[Show abstract][Hide abstract]ABSTRACT: Adoptive immunotherapy using natural killer (NK) cells has been a promising treatment for intractable malignancies; however, there remain a number of difficulties with respect to the shortage and limited anticancer potency of the effector cells. We here established a simple feeder-free method to generate purified (>90%) and highly activated NK cells from human peripheral blood-derived mononuclear cells (PBMCs). Among the several parameters, we found that simply 1) CD3-depletion, 2) high dose IL-2, and 3) use of a specific culture medium were sufficient to obtain highly purified, expanded (~200-fold) and activated CD3-/CD56+ NK cells from PBMCs that we named zenithal-NK cells (Z-NK). Almost all Z-NK cells expressed the lymphocyte-activated marker CD69, and showed dramatically high expression of activation receptors (i.e., NKG2D), interferon-γ, perforin and granzyme B. Importantly, only 2 hours of reaction at an effector/target ratio of 1:1 was sufficient to kill almost all K562 cells, and the antitumor activity was also replicated in tumor-bearing mice in vivo. Cytolysis was specific for various tumor cells, but not for normal cells, irrespective of MHC class I expression. These findings strongly indicate that Z-NK cells are purified, expanded, and near-fully activated human NK cells and warrant further investigation in a clinical setting.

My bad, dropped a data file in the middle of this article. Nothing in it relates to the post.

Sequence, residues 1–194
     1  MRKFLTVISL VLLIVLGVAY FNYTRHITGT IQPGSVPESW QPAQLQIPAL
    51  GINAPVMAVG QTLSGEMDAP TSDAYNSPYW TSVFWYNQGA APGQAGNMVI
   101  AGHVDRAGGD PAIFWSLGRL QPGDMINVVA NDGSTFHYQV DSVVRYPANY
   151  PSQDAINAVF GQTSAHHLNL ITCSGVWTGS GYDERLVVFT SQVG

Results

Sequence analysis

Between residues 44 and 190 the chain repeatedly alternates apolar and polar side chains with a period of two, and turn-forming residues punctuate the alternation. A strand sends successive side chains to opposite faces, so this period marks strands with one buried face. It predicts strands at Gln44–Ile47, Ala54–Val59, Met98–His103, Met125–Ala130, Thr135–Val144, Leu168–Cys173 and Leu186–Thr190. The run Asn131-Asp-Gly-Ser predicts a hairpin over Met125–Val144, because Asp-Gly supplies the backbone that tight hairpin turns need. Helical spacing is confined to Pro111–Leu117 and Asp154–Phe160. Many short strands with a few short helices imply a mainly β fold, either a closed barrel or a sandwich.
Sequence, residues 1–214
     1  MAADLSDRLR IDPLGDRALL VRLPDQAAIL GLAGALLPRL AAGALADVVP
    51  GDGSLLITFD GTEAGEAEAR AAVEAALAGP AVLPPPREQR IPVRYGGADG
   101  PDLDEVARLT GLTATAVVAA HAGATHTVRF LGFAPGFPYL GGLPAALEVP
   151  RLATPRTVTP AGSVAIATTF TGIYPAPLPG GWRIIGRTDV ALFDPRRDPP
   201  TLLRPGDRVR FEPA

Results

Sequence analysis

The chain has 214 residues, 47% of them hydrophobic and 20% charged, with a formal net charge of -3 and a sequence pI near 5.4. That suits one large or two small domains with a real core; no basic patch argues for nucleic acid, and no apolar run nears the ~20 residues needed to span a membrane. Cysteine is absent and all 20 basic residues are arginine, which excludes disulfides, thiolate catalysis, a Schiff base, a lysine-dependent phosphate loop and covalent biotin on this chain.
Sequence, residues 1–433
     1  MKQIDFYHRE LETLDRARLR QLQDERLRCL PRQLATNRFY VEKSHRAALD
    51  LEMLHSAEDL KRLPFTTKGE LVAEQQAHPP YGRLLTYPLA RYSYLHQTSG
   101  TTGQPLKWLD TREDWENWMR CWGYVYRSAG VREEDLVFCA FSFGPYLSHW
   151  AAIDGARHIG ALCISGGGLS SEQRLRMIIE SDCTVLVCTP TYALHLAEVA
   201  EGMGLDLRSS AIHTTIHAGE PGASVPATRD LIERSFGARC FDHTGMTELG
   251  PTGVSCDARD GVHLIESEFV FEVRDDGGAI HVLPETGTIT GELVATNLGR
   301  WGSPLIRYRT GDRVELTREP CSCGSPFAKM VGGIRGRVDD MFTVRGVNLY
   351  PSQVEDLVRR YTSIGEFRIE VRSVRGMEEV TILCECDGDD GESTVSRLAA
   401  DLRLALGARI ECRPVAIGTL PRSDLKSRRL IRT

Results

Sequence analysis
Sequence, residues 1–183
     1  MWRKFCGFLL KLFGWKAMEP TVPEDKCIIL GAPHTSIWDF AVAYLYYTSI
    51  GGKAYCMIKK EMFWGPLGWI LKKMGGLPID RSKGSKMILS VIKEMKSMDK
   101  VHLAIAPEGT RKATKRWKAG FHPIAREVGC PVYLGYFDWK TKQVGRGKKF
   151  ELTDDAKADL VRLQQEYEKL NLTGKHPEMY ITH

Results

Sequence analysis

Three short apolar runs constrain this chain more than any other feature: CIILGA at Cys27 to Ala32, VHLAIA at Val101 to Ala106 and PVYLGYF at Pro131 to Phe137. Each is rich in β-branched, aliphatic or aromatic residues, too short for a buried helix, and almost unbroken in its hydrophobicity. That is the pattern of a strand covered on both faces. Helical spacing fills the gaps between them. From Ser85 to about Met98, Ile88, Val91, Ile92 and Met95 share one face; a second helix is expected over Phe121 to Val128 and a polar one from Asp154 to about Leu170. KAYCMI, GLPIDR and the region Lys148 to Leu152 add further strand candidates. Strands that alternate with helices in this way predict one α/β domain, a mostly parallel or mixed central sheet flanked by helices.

Full-text Article · Jul 2013 · Human Gene Therapy Methods
[Show abstract][Hide abstract]ABSTRACT: Malignant pleural mesothelioma (MPM) is highly intractable and readily spreads throughout the surface of the pleural cavity, and these cells have been shown to express urokinase-type plasminogen activator receptor (uPAR). We here examined the potential of our new and powerful recombinant Sendai virus (rSeV), which shows uPAR-specific cell-to-cell fusion activity (rSeV/dMFct14 (uPA2), named "BioKnife"), for tumor cell killing in two independent orthotopic xenograft models of human. Multicycle treatment using BioKnife resulted in the efficient rescue of these models, in association with tumor-specific fusion and apoptosis. Such an effect was also seen on both MSTO-211H and H226 cells in vitro; however, we confirmed that the latter expressed uPAR but not uPA. Of interest, infection with BioKnife strongly facilitated the uPA release from H226 cells, and this effect was completely abolished by use of either pyrrolidine dithiocarbamate (PDTC) or BioKnife expressing the C-terminus-deleted dominant negative inhibitor for retinoic acid-inducible gene-I (RIG-IC), indicating that BioKnife-dependent expression of uPA was mediated by the RIG-I/nuclear factor-κB (NF-κB) axis, detecting RNA viral genome replication. Therefore, these results suggest a proof of concept that the tumor cell-killing mechanism via BioKnife may have significant potential to treat patients with MPM that is characterized by frequent uPAR expression in a clinical setting.